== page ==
Water rights terminology

Water access entitlements

Reflecting the principles of the National Water Initiative, water access entitlements in most states and territories are defined as a share of a consumptive pool of a specified water resource. The water made available under a water access entitlement is commonly referred to as a water allocation.

Signatories to the National Water Initiative mostly introduced appropriate legislative and policy frameworks to ensure water access entitlement and allocation frameworks reflect the key principles, including that:

  • water access entitlements are separate from land
  • water access entitlements will:
    • specify essential characteristics of the water product
    • be exclusive
    • be able to be traded
    • be able to be subdivided or amalgamated
    • be mortgageable
    • be enforceable and enforced
    • be recorded in a publicly-accessible reliable water register
    • enable allocation of water to a water access entitlement to be consistent with a water plan.

The various water allocation plans sit within a contextual framework comprising State legislation, policy, inter-jurisdictional water sharing arrangements, other plans and administrative practices that were developing since well before the advent of the National Water Initiative. In all cases there is a primary statute that sets out, to varying degrees, the purposes and content of water allocation plans, the processes for preparing and reviewing the plans, the effect of the plans and the relationship of the plans to other statutory instruments.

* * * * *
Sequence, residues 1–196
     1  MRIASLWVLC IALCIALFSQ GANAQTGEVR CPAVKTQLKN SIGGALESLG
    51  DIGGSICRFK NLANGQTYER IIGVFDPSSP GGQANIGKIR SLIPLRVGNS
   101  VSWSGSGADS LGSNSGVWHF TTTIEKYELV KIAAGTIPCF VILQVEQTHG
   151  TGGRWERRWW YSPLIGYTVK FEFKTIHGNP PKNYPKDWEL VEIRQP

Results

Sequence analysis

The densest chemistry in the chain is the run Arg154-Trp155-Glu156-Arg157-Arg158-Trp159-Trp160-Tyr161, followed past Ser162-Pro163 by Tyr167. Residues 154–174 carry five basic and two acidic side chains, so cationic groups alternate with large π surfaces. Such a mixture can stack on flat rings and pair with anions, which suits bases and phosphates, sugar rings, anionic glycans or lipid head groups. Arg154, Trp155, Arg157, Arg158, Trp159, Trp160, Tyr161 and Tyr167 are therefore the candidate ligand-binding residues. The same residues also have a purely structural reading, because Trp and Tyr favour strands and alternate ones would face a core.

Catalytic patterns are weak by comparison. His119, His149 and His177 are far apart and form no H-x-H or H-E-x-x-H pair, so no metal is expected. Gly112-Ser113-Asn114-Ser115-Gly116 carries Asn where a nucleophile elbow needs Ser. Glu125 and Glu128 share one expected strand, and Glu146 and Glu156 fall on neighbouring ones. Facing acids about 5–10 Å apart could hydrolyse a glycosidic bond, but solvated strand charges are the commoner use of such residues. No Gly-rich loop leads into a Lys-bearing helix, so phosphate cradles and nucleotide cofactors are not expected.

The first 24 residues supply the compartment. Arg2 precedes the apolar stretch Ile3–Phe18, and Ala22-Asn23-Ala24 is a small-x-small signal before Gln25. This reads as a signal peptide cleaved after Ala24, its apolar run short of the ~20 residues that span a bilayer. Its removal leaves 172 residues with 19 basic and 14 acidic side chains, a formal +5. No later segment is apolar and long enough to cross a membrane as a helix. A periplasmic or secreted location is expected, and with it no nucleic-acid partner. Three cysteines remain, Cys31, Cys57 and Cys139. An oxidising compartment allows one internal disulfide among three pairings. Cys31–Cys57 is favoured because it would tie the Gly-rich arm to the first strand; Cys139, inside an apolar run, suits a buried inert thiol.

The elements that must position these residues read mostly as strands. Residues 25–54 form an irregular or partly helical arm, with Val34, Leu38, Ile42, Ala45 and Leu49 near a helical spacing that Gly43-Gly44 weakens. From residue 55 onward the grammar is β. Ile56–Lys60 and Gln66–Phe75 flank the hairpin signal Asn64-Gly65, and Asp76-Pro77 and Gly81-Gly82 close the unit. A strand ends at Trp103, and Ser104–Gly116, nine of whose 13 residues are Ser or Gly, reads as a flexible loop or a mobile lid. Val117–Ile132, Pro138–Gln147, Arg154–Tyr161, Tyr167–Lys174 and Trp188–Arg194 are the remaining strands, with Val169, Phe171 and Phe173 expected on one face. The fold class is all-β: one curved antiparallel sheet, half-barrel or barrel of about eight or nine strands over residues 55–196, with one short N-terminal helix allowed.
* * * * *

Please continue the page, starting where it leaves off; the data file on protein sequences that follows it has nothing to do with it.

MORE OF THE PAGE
The water allocation plans in the different jurisdictions have a number of similarities, but they also have marked differences, which make comparing them difficult. The different approaches to 'water planning' undertaken by the States and Territories result in significant variation between jurisdictions in the overall purposes of the various plans. These range from dealing with water sharing only, to water sharing and use, to total water cycle management (as is the case in Victorian sustainable water strategies). They also affect the statutory effect (whether binding on governments or not), the geographic scale in scope (for example, whether or not they include water use planning and water supply planning) and linkages to related planning processes such as Natural Resource Management planning.

Understanding the various jurisdictional contextual frameworks for water allocation planning in Australia is fundamental to understanding the water access entitlement arrangements and water markets operations that are in effect throughout Australia.

States and Territories adopted differing terminologies in their legislative and policy frameworks that describe this framework. The National, State and Territory terminology table summarises the jurisdictional water access entitlements framework. The table was developed in consultation with the jurisdictions to provide a consistent approach for the aggregation and display of water access entitlements and associated water markets information.

 

State and Territory terminology mapping

The table in the PDF below maps a national term to the State and Territory equivalent terms relevant to their jurisdiction, as agreed through the National Water Markets System Stakeholder Group. This mapping is used to provide a consistent framework to display and aggregate water access entitlements, water allocations and water markets information, not to compare the terms between States and Territories.

Water rights trading rules

Rules that govern trade in water access entitlements and allocations vary between States and Territories. Trade is generally only permitted where Government completed the appropriate water planning and management processes for an area.

Principles